Each event includes metadata that is passed with the event as it is processed. The metadata fields include the following:

  • tenantId: string specifying the tenant
  • timestampMillis: number specifying the time when the event occurred, in milliseconds since the epoch. Defaults to the current date/time if the caller does not provide a value
  • requestingUserOrServiceId: string specifying the unique ID of the user or service that triggered the event
  • datalabel: optional string providing an additional classification for the event
  • sourceIp: optional string containing the IP address that originated the action that triggered the event
  • objectId: optional string containing the ID of the object that was being affected when the event was triggered
  • requestId: optional string that the application can provide to tie the event together with requests to the TSP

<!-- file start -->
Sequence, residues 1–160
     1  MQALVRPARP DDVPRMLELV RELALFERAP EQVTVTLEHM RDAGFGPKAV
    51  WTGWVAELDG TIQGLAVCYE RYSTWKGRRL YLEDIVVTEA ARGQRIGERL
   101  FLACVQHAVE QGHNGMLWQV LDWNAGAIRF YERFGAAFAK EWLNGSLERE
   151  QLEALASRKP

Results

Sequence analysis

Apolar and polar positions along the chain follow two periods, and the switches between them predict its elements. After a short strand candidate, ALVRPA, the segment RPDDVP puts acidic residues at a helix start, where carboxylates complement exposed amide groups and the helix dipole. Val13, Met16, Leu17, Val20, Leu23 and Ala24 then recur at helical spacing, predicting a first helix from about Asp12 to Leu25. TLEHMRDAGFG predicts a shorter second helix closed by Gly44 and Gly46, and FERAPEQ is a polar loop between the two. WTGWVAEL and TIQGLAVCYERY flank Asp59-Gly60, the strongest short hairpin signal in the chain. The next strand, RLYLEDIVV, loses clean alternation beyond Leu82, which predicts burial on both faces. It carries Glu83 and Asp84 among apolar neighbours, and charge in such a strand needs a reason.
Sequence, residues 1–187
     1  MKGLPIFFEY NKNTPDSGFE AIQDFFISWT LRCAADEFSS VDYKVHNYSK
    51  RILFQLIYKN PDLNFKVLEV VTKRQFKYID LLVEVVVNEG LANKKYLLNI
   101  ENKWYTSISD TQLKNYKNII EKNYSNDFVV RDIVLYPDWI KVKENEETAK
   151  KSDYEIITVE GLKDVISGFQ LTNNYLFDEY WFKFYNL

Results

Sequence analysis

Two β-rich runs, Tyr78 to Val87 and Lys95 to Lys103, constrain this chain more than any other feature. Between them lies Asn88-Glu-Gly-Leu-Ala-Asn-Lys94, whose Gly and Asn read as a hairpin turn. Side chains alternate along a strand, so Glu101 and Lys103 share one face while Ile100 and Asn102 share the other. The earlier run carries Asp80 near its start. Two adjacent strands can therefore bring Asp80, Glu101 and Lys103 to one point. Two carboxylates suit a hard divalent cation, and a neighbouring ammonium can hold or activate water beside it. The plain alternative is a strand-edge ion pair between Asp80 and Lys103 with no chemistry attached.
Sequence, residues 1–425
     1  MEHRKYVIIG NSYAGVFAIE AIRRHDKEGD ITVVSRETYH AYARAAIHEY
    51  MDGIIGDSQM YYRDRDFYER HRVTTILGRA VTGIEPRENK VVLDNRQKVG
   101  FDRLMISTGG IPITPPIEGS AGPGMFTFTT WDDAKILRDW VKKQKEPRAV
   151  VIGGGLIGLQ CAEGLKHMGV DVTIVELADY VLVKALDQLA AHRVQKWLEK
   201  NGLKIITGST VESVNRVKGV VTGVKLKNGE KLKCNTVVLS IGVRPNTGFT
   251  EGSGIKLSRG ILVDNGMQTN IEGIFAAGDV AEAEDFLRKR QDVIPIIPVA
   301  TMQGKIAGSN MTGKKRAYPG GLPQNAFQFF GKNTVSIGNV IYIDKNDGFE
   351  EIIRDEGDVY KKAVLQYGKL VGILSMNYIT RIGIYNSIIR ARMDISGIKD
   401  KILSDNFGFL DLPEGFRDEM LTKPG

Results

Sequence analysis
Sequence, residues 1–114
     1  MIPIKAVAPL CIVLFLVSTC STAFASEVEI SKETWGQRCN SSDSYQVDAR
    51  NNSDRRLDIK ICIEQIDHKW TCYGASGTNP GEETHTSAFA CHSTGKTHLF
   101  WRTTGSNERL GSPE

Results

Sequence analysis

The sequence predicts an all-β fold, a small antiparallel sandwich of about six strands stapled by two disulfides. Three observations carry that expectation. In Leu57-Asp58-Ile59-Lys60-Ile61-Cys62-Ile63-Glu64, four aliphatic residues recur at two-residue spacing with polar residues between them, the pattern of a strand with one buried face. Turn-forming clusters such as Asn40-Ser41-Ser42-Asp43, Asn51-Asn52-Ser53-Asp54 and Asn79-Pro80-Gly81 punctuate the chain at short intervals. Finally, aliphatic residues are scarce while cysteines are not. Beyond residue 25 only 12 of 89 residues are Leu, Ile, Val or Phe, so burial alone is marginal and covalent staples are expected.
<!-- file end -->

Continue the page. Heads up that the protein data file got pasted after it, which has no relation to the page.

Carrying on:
• otherData: optional list of key-value pairs that allow you to specify arbitrary names and values for additional metadata


If you have a tenant that is configured to log to Stackdriver and make a call like the following (using the NodeJS TSC):

const otherData = { "field1": "gumby", "field2": "pokey" }; const metadata1 = new EventMetadata(TENANT_ID, "userId1", "PII", Date.now() - 5000, "", "userId1", "Rq8675309", otherData); client.logSecurityEvent(UserEvent.LOGIN, metadata1)

the following event will be logged in Stackdriver:

{ "insertId": "1ha9seeg2bv3av7", "jsonPayload": { "customFields": { "field2": "pokey", "field1": "gumby" }, "timestamp": "2020-11-16T22:43:25.754Z", "iclFields": { "requestingId": "userId1", "dataLabel": "PII", "sourceIp": "", "objectId": "userId1", "event": "USER_LOGIN", "logdriverRayId": "0G4Y10UpHvaZA9V3", "requestId": "Rq8675309", "tspRayId": "G3nphyPNTcOv1l6W" }, "tenantId": "tenant-gcp-l" }, "resource": { "type": "global", "labels": { "project_id": "discrete-log-2" } }, "timestamp": "2020-11-16T22:43:25.754Z", "logName": "projects/discrete-log-2/logs/cmk-demo-logging", "receiveTimestamp": "2020-11-16T22:43:32.772011897Z" }

Supported SIEMs

SaaS Shield Real Time Security Events currently supports logging to Google Compute Platform’s Stackdriver and to Splunk (both the enterprise and cloud versions), with more options on the way. For a complete list of supported logging systems, check here.

If a tenant has not provided a logging configuration, Logdriver will send their events to stdout instead.